Greeks march against austerity, set new strike

About 2,000 Greeks marched to parliament to protest against spending cuts and tax hikes, as the country received a first instalment of 5.5 billion euros.

Greeks march against austerity, set new strike

About 2,000 Greeks marched to parliament on Wednesday to protest against spending cuts and tax hikes, as the debt-choked country received a first instalment of 5.5 billion euros as part of an EU-IMF "pain-for-gain" deal.

Marching workers carried banners reading "Cancel the IMF-EU deal now!" and "If we don't react we will starve". Public and private sector unions said they would stage a 24-hour nationwide strike on May 20 to step up pressure on the government.

The march was small compared to the 50,000-strong protest a week ago when hundreds of angry Greeks fought with police in the streets of central Athens and three people were killed in a petrol bomb attack on a local bank.

But frequent evening marches such as Wednesday's usually attract a relatively small following, and the May 20 protest is expected to draw bigger crowds.

Investors are closely watching public reaction to government wage and pension cuts agreed as part of a 110 billion euro ($139.7 billion) EU-IMF aid deal, amid concerns more protests could undermine Prime Minister George Papandreou's resolve.

Unions say the EU-IMF plan only burdens the poor and will hurt the economy.

"The IMF will not stop thirsting for workers' blood," said Yannis Panagopoulos, chairman of Greece's main private sector labour union GSEE. "Its recipes are a disaster and the government must turn them down."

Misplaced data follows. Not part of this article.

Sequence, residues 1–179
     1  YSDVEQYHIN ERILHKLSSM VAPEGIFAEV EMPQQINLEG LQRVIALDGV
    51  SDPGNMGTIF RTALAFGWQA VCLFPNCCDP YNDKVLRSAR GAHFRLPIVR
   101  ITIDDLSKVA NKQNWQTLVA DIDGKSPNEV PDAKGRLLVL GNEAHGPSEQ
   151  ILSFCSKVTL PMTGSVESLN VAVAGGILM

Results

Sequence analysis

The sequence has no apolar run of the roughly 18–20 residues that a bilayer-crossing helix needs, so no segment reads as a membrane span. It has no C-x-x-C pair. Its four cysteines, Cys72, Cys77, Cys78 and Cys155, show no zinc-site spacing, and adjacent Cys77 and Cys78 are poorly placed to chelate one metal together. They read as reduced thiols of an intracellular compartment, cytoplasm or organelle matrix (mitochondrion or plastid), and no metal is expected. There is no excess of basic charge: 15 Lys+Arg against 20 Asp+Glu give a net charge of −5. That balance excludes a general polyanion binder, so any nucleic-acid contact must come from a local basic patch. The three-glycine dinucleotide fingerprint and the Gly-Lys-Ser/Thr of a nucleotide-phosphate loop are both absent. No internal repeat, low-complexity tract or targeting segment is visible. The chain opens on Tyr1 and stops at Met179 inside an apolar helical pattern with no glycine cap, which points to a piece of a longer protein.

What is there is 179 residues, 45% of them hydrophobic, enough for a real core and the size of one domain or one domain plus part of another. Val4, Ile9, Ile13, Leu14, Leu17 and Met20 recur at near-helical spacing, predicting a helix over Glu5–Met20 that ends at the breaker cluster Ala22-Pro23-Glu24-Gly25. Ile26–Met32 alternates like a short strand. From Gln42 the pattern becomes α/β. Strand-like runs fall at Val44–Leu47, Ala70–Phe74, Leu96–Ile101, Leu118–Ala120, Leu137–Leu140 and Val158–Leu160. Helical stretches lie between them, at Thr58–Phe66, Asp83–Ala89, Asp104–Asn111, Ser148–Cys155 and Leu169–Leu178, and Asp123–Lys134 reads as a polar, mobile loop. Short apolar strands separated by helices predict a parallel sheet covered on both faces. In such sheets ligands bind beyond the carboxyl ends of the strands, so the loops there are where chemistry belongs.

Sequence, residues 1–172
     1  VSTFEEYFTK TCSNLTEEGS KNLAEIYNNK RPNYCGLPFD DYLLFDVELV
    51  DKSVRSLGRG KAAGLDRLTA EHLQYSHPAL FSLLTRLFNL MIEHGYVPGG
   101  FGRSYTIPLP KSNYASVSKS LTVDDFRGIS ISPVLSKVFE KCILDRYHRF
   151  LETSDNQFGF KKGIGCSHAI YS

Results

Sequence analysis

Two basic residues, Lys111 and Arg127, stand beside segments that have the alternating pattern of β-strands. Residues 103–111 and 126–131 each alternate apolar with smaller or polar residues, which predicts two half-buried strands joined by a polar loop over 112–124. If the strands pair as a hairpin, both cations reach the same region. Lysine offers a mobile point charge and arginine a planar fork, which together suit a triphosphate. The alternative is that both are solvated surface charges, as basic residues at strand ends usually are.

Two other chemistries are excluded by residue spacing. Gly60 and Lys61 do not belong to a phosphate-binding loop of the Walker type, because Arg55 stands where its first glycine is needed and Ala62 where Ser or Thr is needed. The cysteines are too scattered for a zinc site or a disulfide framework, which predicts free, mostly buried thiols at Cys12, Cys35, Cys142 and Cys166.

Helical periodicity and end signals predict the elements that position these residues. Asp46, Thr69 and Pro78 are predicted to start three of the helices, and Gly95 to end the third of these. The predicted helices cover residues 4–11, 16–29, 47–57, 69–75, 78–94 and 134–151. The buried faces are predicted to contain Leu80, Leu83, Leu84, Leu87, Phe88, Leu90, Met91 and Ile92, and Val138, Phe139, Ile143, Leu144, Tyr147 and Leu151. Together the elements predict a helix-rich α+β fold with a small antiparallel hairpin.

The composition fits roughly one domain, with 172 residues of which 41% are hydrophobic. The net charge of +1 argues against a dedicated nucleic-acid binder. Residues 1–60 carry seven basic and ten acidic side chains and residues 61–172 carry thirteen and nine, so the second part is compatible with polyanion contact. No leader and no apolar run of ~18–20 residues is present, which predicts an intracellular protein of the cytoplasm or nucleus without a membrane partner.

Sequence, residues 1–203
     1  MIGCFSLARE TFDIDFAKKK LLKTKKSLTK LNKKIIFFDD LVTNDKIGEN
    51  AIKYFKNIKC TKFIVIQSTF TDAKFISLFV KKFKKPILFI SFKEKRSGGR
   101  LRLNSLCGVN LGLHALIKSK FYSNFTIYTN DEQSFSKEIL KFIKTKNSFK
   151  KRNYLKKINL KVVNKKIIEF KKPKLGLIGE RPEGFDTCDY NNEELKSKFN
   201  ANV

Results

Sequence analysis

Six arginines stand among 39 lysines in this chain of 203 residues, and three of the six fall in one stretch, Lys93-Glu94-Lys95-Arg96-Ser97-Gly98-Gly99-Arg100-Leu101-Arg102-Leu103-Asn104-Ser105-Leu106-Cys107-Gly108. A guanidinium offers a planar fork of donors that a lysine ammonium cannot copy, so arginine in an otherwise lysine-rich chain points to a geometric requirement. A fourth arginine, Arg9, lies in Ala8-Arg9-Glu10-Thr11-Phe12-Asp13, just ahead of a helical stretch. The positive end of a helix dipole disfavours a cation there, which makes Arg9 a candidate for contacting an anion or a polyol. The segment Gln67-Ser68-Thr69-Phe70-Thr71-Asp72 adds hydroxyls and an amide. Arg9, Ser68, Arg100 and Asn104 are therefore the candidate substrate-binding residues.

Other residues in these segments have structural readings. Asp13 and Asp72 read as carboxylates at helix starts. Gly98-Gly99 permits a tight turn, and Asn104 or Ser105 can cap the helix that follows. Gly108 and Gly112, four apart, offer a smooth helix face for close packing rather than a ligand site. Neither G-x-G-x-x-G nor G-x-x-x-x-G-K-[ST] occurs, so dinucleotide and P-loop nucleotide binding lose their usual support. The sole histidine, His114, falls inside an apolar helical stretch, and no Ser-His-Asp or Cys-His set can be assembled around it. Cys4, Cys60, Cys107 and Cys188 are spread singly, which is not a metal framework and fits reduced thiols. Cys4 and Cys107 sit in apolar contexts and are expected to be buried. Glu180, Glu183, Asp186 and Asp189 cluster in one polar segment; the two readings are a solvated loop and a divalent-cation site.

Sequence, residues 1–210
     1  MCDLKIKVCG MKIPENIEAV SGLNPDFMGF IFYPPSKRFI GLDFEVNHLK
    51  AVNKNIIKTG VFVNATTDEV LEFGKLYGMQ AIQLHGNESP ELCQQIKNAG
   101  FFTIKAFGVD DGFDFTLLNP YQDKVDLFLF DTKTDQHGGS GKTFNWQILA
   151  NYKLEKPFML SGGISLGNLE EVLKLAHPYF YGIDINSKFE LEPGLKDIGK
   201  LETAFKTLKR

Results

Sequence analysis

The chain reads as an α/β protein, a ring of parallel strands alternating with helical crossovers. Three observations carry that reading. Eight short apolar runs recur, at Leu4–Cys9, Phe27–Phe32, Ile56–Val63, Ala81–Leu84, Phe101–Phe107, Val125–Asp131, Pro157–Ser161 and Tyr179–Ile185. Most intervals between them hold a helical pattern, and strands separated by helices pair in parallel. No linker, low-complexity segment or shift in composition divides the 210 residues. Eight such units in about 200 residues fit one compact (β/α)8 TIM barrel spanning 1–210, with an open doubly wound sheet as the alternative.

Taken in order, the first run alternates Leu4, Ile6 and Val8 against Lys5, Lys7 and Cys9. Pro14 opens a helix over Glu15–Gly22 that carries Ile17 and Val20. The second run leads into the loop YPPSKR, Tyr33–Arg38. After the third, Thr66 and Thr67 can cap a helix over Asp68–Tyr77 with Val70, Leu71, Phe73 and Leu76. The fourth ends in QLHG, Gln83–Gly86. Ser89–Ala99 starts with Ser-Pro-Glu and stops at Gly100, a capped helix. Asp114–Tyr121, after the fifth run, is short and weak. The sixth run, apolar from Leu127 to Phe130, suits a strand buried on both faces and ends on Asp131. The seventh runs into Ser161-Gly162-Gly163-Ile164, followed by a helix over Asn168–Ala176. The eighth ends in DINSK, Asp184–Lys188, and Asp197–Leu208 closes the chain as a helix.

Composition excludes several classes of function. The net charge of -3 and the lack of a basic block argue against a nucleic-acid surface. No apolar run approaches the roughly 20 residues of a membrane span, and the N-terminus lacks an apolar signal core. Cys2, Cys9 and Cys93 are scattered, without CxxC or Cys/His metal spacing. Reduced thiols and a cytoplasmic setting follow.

Economy shrinks 

New figures published on Wednesday showed Greece's economy contracted 0.8 percent in the first quarter compared to the last three months of 2009.

The contraction was not as bad as expected, but economists see its pace accelerating in the next two quarters as wage cuts hit disposable incomes and uncertainty about economic prospects increases.

People at the march vowed to keep protesting until the government backed down.

"We are protesting because we are on the brink of poverty," said 56-year-old accountant Kiki Krikou, who said her husband and one of her two sons were unemployed. "I've been working 36 years in the private sector and I'm afraid I won't get a pension."

Greece's statistics office will publish unemployment data for February on Thursday. Unemployment jumped to a six-year high of 11.3 percent in January.

Opinion polls show that a big majority of Greeks believe the measures are unfair and they are determined to continue strikes and protests. Many Greeks are demanding that Papandreou take concrete steps to punish corrupt officials they believe are responsible for leading the country down an economic dead-end.

Papandreou said on Wednesday the government would press ahead and implement budget consolidation plans.

"We must all continue our fight," he told a cabinet meeting. "Regardless how unpleasant these measures are, I believe that a great majority of people accept them, under conditions of course, as long as we succeed ... first of all with our stability programme."

The May 20 walkout will take place a day after a 8.5 billion euro 10-year Greek bond matures, an event which pushed cash-strapped Greece to seek aid.

On Wednesday, Athens received the first, 5.5 billion euro instalment from the multi-billion euro aid package, a bank official familiar with the deal said. Greece hopes to get another 14.5 billion euros in aid from the EU before May 19.

Reuters

Last Mod: 13 Mayıs 2010, 00:30
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